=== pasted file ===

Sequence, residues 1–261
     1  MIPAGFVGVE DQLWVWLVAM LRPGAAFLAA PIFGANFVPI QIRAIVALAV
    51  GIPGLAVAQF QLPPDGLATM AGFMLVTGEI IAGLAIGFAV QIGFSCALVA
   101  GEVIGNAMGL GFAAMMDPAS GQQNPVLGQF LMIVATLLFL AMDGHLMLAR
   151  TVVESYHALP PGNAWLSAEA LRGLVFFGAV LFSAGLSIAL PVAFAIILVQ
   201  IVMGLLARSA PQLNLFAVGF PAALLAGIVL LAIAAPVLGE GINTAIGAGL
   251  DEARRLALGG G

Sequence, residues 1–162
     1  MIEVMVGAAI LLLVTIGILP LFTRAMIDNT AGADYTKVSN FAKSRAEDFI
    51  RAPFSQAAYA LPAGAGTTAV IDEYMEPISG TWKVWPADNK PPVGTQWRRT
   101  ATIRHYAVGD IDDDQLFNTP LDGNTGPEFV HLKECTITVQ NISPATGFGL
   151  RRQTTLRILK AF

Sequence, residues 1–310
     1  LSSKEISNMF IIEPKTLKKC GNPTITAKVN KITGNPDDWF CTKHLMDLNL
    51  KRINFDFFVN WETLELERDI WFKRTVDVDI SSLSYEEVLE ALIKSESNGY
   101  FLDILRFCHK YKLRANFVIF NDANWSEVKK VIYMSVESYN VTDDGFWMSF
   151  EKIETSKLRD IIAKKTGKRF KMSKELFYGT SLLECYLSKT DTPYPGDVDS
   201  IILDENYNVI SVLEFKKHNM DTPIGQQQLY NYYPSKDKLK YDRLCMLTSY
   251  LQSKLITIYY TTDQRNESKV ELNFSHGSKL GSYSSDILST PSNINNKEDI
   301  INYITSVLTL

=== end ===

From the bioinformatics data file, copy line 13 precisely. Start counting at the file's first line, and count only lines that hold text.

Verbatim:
Sequence, residues 1–310